Movie Review #688


Studio: Metro-Goldwyn-Mayer (MGM), controlled by Loew’s Incorporated
Distributor: Metro-Goldwyn-Mayer – Excelsior Pictures Corp. (1949 re-release as “Nature’s Mistakes”) – Joseph Brenner Associates (JBA) (1970 re-release)
Country: USA
Spoken Languages: English – German – French

Tod Browning’s Production. (Directed by Tod Browning.) Produced by Tod Browning, Harry Rapf, and Irving Thalberg (all uncredited). Reissue produced by Dwain Esper and Hildegarde Stadie (both uncredited). Suggested by the story “Spurs” by Tod Robbins. Additional dialogue by Al Boasberg and Edgar Allan Woolf (both uncredited). Screenplay by Willis Goldbeck and Leon Gordon (both uncredited). Additional uncredited writer: Charles MacArthur.

Passed by the National Board of Review. Currently unrated by the MPAA. Runs 1 hour, 4 minutes. Wide release in the USA on February 20, 1932.

Starring Olga Baclanova, Harry Earles, Daisy Earles, Daisy Hilton, and Violet Hilton. Also starring Wallace Ford, Leila Hyams, Rosco Ates, Henry Victor, Rose Dione, Schlitze, Josephine Joseph, Johnny Eck, Frances O’Connor, Peter Robinson, Olga Roderick, Koo Koo, Rardion, Martha Morris, Zip, Pip, Elizabeth Green, Angeo Rossitto, Edward Brophy, and Mat McHugh. Also featuring an uncredited cameo appearance by John Aasen as a giant.

Cinemaniac Reviews three stars

“The Big Lebowski”, “Clerks.”, “Videodrome”, “The Evil Dead”, “The Rocky Horror Picture Show”, “Pink Flamingos”, “Fritz the Cat”, “The Texas Chain Saw Massacre”, “A Clockwork Orange”, “A Bucket of Blood”, “Plan 9 from Outer Space”. “Freaks” has existed and maintained a strong cult following longer than any of these films. Released in 1932, still beloved by some today. Seemingly, its time capsule significance is more than just that. This isn’t just a cult film. It’s one of the most influential movies ever made. David Lynch, for instance, would be unemployed without this movie; Twin Peaks, “The Elephant Man”, and “Eraserhead” owe so much to it.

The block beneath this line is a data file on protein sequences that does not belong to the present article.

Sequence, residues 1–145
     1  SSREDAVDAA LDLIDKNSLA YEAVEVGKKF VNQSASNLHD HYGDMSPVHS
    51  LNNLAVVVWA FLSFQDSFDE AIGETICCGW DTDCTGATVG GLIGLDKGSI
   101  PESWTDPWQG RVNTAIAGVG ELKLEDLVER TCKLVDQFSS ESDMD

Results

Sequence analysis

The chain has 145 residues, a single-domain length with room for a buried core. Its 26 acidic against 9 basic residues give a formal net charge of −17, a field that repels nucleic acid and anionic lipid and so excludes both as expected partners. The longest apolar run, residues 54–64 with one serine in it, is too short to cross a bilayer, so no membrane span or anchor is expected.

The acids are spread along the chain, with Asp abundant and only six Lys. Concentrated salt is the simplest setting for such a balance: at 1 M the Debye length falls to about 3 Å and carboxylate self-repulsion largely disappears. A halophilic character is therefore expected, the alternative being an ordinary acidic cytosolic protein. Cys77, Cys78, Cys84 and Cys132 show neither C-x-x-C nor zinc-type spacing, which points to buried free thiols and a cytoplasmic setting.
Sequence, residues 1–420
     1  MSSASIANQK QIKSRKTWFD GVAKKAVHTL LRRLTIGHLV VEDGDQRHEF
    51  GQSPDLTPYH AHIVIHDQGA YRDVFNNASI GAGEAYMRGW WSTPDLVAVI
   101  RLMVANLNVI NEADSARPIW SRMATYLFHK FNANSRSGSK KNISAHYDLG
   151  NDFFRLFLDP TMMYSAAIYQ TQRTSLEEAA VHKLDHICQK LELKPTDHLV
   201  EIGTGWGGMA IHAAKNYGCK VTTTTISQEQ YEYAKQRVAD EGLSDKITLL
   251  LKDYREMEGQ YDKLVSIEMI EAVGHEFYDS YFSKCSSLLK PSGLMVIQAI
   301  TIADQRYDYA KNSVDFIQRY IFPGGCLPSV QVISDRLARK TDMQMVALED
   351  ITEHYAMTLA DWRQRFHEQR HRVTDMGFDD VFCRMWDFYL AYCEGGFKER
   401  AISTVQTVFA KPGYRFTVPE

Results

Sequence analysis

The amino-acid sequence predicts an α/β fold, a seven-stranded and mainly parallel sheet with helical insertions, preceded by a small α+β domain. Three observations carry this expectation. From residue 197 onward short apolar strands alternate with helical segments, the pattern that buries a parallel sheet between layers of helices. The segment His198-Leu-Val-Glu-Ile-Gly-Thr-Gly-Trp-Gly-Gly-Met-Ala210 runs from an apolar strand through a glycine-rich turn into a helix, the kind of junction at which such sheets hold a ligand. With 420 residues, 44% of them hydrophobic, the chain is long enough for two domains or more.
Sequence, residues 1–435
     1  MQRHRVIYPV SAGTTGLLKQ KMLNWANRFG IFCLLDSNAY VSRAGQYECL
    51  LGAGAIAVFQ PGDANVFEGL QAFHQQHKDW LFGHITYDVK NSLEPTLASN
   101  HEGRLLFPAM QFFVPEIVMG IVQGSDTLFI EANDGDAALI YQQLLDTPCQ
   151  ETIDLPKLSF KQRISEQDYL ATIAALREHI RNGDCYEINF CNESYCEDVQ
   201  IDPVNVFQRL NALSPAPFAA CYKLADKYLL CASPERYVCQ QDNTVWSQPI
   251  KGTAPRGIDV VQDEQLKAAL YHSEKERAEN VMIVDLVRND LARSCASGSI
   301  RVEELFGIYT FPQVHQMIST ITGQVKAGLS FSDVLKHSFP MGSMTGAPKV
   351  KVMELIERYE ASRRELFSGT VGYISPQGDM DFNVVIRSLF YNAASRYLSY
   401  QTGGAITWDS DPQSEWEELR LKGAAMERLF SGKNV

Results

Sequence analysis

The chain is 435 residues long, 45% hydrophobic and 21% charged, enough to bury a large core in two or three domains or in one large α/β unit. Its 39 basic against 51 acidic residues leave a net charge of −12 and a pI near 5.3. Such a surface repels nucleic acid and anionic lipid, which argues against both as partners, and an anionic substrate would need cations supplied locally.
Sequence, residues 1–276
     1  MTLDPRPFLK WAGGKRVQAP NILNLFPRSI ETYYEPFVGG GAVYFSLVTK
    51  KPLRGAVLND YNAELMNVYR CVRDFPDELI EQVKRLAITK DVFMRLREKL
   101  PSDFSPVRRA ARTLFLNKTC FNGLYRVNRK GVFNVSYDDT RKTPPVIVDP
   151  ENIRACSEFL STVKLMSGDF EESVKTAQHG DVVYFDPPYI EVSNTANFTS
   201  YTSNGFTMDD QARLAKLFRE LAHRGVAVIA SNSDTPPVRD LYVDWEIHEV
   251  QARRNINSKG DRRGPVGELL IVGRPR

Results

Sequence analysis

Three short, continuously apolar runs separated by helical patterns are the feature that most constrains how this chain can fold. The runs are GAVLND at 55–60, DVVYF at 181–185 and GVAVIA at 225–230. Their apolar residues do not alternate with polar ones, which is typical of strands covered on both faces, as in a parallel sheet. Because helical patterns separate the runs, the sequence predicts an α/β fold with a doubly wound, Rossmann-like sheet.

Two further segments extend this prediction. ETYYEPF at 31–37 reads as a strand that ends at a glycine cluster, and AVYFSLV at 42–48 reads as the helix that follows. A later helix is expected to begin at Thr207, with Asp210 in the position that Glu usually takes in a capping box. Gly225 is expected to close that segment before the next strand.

“Freaks” was one of the earliest independent films. That’s not a problem (the film would have no other way of being financed). What is a problem is that this is obviously an indie production. One moment the acting will be solid. Then the actors become disinterested and start line-reading. The technical department does no better on “Freaks”. Film editing is horrible, often cutting out little bits of certain shots. Sound editing is good, but when characters who pitch their voices high can’t be understood, it isn’t exactly great.

Myself hating circuses, I would never expect much of a topical movie like “Freaks”. What I found was an interesting story to surprise me. Tod Browning’s controversial film offers an intriguing inside look at “circus freaks.” It’s a really weird movie, and it did take some warming up to, but I had quite some fun watching it. This black comedy isn’t pointless, either. By the end, “Karma is a bitch” becomes a more than obvious message. “Freaks” is a must-watch for some. For others, I’d advise steering clear. If you’ve gotten this far into my review, I’m guessing you already know which of the two camps you belong to. If not, then it can’t hurt to give it a go anyway. The movie is far tamer than you’d expect for a Pre-Code movie (not to mention, one called “Freaks”), and at just an hour, you’d run into trouble considering it a waste of time.

Tomorrow’s Review

127 Hours

Hit the jump for an announcement regarding the 2nd Annual Cinemaniac Awards:

Blackfish has won 2014’s Cinemaniac Award for Best Documentary of Foreign Motion Picture of the Year. The most controversial movie of the year, Blackfish is also the most eye-opening. You’ll never want to go to SeaWorld again, and for good reason. You’ll also be touched by a documentary, maybe for the first time. Stay tuned for tomorrow’s announcement for Best Sounds of the Year.